Asbestos missed in Homebuyers report?

Asbestos missed in Homebuyers report?

9:55 AM, 20th March 2017, About 7 years ago 14

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My friends recently purchased a property and were looking to extend living accommodation into the garage.

However, a builder has reported that asbestos is in the garage and subsequently the quote received is quite a lot more than anticipated when the property was purchased.

The Homebuyers report didn’t flag up any evidence of asbestos to the garage and I was enquiring as to whether there is any form of action that can be taken in this situation to reclaim any of the additional cost for removing the asbestos or whether they are stuck paying the full bill?

Many thanks


Editor Note:

I have added a pic below of the loose description of a Homebuyer report below.

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Neil Patterson

10:12 AM, 20th March 2017, About 7 years ago

Hi Chris,

In the past I have always found Homebuyers reports to be very comprehensive and have certainly seen details of asbestos included so I am surprised this was omitted.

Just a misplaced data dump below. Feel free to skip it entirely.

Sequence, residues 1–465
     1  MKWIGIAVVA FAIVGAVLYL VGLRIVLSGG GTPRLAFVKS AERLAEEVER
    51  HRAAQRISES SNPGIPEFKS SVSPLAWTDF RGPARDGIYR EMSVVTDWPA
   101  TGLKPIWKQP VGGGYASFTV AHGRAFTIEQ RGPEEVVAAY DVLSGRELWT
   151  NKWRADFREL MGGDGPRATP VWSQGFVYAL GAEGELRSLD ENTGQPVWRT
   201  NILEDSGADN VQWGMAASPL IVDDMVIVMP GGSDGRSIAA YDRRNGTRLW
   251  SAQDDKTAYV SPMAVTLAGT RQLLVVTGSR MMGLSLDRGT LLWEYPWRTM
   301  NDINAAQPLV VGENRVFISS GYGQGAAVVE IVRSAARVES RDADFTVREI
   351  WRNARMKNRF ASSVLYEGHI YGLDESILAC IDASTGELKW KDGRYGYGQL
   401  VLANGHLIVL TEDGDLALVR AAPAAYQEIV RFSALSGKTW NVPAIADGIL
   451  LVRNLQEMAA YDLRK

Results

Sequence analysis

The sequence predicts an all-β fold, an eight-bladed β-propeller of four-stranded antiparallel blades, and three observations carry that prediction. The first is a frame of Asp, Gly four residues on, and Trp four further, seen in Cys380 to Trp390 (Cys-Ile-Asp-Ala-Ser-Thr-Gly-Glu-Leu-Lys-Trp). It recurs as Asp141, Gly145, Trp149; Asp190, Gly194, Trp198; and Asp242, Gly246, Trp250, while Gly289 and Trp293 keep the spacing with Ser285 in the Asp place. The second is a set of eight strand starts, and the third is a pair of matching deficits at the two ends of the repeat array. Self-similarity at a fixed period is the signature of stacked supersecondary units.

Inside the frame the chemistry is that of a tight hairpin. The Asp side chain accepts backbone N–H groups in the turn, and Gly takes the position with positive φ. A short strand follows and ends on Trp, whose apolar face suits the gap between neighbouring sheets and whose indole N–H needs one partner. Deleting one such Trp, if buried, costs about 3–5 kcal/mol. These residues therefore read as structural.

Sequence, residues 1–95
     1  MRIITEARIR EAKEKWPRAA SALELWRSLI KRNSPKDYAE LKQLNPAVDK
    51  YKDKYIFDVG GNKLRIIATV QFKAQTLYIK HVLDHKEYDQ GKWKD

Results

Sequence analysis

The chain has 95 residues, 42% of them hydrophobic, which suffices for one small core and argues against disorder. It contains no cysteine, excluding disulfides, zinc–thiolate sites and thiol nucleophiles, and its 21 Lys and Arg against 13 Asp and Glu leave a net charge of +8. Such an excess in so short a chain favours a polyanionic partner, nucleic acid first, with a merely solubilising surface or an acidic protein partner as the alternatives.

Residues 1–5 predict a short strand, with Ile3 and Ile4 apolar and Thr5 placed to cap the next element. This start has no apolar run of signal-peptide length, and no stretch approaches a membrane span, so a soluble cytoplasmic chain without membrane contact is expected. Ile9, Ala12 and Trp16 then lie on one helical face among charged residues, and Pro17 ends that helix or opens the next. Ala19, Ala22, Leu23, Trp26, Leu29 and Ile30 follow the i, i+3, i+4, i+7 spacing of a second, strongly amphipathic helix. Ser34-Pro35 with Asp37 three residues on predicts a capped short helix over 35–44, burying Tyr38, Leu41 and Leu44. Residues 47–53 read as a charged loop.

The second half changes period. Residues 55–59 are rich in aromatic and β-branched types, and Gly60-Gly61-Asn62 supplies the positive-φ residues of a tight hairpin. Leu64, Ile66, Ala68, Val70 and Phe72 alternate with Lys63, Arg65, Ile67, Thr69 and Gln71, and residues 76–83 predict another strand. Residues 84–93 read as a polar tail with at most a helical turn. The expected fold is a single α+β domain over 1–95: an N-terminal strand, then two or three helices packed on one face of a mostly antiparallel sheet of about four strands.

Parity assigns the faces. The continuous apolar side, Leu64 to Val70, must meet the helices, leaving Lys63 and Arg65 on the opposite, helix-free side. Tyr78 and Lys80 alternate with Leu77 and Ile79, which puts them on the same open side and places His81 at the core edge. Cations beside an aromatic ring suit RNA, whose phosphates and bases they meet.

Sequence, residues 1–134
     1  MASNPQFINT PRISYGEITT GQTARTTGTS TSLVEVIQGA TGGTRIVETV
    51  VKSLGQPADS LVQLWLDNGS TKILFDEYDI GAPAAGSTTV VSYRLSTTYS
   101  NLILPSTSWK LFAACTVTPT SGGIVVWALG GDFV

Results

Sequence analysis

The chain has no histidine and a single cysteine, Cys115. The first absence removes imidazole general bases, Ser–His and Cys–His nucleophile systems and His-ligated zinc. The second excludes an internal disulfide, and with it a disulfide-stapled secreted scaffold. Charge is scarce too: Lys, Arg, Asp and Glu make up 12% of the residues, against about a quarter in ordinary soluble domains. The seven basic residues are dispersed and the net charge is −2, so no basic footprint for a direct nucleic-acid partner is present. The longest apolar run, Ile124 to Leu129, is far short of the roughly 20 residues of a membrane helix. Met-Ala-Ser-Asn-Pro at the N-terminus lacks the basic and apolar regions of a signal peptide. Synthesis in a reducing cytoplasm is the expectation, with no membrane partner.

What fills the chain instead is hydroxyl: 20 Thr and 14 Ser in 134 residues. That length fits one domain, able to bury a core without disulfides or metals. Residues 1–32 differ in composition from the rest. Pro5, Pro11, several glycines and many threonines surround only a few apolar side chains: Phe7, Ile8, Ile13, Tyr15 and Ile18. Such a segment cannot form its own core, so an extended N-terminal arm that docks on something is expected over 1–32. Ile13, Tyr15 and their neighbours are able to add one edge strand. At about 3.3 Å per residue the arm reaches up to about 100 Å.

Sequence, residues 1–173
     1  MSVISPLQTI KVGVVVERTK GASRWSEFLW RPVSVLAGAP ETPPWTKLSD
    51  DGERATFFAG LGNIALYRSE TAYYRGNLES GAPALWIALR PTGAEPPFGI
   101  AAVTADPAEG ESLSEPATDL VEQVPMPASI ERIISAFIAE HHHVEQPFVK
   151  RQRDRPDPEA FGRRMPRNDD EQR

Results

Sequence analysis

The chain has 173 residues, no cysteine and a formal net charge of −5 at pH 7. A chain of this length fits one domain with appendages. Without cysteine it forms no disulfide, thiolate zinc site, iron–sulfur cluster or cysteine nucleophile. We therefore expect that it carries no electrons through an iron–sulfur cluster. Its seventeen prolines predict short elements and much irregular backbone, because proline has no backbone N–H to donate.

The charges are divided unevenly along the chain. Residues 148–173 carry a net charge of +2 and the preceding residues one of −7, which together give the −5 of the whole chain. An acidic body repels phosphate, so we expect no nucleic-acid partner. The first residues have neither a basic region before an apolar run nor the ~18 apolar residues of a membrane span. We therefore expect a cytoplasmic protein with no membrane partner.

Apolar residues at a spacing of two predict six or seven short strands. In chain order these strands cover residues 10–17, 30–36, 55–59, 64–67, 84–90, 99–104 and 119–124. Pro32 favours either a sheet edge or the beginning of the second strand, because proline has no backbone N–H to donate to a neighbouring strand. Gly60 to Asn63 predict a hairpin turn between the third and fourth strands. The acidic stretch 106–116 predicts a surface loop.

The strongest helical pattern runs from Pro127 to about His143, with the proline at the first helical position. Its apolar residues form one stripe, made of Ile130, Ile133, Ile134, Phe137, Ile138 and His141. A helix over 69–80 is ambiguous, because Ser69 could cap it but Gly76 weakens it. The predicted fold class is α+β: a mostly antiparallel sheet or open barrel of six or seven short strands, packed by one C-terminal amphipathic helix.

I would go back to the surveyors head office and ask if spotting asbestos is normally included and then take it further possibly as a PI insurance claim after further investigation with RICS >>

Alan Bromley

12:36 PM, 20th March 2017, About 7 years ago

I bought a house in 2015 and had a full survey done. There was no indication that asbestos-cement sheeting had been used extensively to clad stud walls and ceilings all over the house so there was no come-back with the surveyor. After paying through the nose to have some of it removed I then found a building company that had an asbestos skip back at the yard and they removed a lot more at a considerably lower cost.

The point I'm getting at is that if it's bonded cement sheeting, be careful who you choose to remove it. You don't need a company with an asbestos licence for something that only has 5-10% asbestos in it; in fact, you can even do it yourself with some sensible precautions as it's only potentially dangerous if you break it or saw it up. Look at the HSE web site for advice.

If it's on the garage roof that would have been obvious and should have been pointed out to you. If it's not obvious then go about removing it but please don't fall for the 'smoke and mirrors' company I paid initially. A full body suit and respirator really isn't necessary for asbesos-cement sheeting!

Simon Bentley

14:28 PM, 20th March 2017, About 7 years ago

Additionally its also worth noting that asbestos,at least the type commonly found in garage roofs etc, cannot be "diagnosed" by inspection. Builders etc will often err on the side of caution but there is plenty of modern fibre cement panels around in the existing building stock of the none asbestos type which uses cellulose in place of asbestos. Asbestos was phased out from the 1980s onward and in essence completely outlawed in 1999.